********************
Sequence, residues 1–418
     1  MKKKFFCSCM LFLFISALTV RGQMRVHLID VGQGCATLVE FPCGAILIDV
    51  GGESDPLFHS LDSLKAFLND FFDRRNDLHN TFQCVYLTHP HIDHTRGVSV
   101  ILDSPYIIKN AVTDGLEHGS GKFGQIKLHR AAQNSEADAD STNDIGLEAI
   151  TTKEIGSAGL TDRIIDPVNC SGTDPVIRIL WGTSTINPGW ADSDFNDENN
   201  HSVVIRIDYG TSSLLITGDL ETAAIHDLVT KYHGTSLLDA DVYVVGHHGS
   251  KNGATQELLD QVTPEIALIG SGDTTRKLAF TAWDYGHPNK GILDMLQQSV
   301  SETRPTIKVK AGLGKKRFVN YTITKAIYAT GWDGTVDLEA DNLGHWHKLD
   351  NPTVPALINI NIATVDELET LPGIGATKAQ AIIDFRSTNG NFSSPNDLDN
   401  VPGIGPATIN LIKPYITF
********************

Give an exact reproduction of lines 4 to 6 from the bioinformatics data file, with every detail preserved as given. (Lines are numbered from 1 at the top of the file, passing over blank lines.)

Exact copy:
   101  ILDSPYIIKN AVTDGLEHGS GKFGQIKLHR AAQNSEADAD STNDIGLEAI
   151  TTKEIGSAGL TDRIIDPVNC SGTDPVIRIL WGTSTINPGW ADSDFNDENN
   201  HSVVIRIDYG TSSLLITGDL ETAAIHDLVT KYHGTSLLDA DVYVVGHHGS